CFB: Colt or no Colt, Alabama has the best thoroughbreds
By Bill Plaschke
Los Angeles Times
PASADENA, Calif. — Sweet Colt Alabama?
Don’t start. Don’t even start.
The Crimson Lie?
Don’t you dare, not here, not now, not with a whole mess of Longhorns still sprawled across a wet Pasadena lawn, the eyes of Texas blackened and bloodshot.
Tainted, this ain’t.
Alabama’s 37-21 victory over Texas in the Bowl Championship Series title game at the Rose Bowl on Thursday night was fair and square, even if raised a little hair.
Or, as tackle Drew Davis later shouted defiantly through a crowded locker room hallway, “C’mon, man! We’re the dang national champions!”
There will be nice folks with Southwestern twangs who Friday — forever, really — will claim that Alabama was actually a national lottery winner.
They will make the point that the Tide would not be champions if Longhorns star quarterback Colt McCoy did not suffer a game-ending shoulder injury on his fifth snap.
They will note that the Longhorns played the entire game with a true freshman quarterback named Garrett Gilbert, a kid who had thrown all of 26 career passes.
They will remind that even with the kid, the Longhorns outgained the Tide by 14 yards and had the ball in the final four minutes trailing by three points.
They will ultimately claim this proves that two-time Heisman Trophy finalist McCoy would have changed everything, especially the final score, and they’re not alone.
“I can certainly see why people might think this game is a little tainted,” said Tide tight end Colin Peek. “It’s going to be like, yeah, but you beat them without Colt McCoy. It’s going to be something we have to deal with.”
The idea is an interesting, intriguing germ of what could be a longtime debate.
It is also absolutely wrong.
The burnt-orange folks will ask their questions about Thursday night’s game, I’ll ask mine.
First question, was Colt McCoy playing defensive line? Was that McCoy’s replacement who allowed 205 rushing yards and four rushing touchdowns, the nation’s best rushing defense sometimes turned into 11 revolving doors?
“We put it on our back when we had to put it on our back,” said running back Roy Upchurch.
While putting the Longhorns on their backs, running through holes as big as Bevo, even the hobbled Heisman winner Mark Ingram swerving for 116 yards.
Second question, was McCoy coaching? Was that McCoy’s replacement who called for Gilbert to throw the incredibly foolish shovel pass in the final seconds of the first half, resulting in a bobble and an interception returned for a touchdown?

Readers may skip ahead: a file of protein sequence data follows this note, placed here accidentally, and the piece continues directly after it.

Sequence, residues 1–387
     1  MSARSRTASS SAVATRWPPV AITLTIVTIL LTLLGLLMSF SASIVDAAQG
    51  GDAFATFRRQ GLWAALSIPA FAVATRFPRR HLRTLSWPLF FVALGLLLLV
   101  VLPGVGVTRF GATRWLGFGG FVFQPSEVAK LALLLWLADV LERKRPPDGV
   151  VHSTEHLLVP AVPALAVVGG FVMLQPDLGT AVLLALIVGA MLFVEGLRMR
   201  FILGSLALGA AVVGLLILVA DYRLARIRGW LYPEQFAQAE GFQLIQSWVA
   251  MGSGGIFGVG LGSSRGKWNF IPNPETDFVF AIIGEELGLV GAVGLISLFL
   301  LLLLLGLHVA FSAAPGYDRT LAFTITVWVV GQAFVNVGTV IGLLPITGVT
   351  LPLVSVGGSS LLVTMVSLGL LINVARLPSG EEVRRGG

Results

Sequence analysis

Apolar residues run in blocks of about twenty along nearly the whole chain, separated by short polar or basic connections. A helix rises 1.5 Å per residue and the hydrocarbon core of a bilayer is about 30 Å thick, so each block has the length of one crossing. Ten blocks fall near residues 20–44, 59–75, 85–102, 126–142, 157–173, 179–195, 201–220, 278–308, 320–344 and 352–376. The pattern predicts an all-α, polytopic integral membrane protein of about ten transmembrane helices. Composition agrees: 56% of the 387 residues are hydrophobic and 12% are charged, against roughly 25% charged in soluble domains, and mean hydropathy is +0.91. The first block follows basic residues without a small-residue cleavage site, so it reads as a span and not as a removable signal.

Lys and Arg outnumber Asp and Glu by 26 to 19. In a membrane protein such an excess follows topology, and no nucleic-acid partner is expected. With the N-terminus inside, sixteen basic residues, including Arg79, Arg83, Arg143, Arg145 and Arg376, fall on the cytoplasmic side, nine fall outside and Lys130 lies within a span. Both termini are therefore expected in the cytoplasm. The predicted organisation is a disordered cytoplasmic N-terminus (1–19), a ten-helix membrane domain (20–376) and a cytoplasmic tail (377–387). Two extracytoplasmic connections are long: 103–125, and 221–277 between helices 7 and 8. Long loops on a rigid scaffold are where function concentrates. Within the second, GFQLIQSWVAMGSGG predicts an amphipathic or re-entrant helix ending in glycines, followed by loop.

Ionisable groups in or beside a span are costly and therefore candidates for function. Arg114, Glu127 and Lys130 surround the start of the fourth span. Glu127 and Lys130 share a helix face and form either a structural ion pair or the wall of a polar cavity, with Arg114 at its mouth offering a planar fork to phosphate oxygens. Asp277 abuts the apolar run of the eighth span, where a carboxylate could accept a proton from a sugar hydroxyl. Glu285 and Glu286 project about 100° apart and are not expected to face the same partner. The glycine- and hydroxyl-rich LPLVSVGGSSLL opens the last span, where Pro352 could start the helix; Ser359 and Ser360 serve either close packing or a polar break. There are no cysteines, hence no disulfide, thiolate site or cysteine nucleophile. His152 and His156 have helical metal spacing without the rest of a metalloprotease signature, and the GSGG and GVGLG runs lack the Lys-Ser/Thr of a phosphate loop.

It turned out to be the defining play of the game, two-ton Marcell Dareus’ stiff-armed stumble into the end zone giving Alabama a 24-6 lead. “A real killer,” said Texas Coach Mack Brown.
So why did you do it? Why didn’t you just take a knee and be thankful to escape the first half trailing by only 11 points?
“We were going to try to run down . . . then take a shot in the end zone,” said Brown. “We called a little shovel pass that I had never seen intercepted before.”
Shoveled over their chances, it did.
Third question, was McCoy the team disciplinarian? Was it his fault the Longhorns were stretched and stressed into 77 yards worth of penalties, including 35 yards of mistakes in a hand-wringing fourth quarter? Alabama had just 38 yards of penalties the entire game.
“Texas played a great game, they got down and came out swinging for the fences,” said Tide defensive end Lorenzo Washington. “But it came down to making the plays. We made the plays.”
Champions make the plays.
When Gilbert dropped back to pass deep in Texas territory with about three minutes remaining in the same, linebacker Eryk Anders made the play, flattening him in the backfield, causing a fumble that led to Alabama’s game-clinching touchdown.
“We’re not worried about what anybody says,” said Anders. “So McCoy got hurt. Sometimes it happens like that. You still have to step up.”
Champions make the plays.
Even if healthy, McCoy would not have been on the field when Trent Richardson ran 49 yards nearly untouched up the middle for a first-half Alabama touchdown.
Even if healthy, McCoy would not have been in the end zone when Marquis Johnson broke up a Gilbert pass to Malcolm Williams in the middle of the second quarter, a lucky strike that could have changed everything.
Champions make the plays, even if sometimes those plays result in the short end of a brilliant college careers.
“We feel terrible about what happened to Colt McCoy,” said Alabama’s Washington. “It must be awful to be hurt so soon in the biggest game of your career.”
“But they didn’t give up. They didn’t freak out. They didn’t roll over. They fought us.”
And Alabama fought back, earning every inch of this championship, the BSC is no BS, the best team won, period, end of season.
Looking around as his team danced across the Rose Bowl field late Thursday amid confetti and firework smoke and the some of the coolest boyish grins ever, Alabama Coach Nick Saban almost smiled.
“A lot of blood, sweat and tears,” he said.
None of it tainted.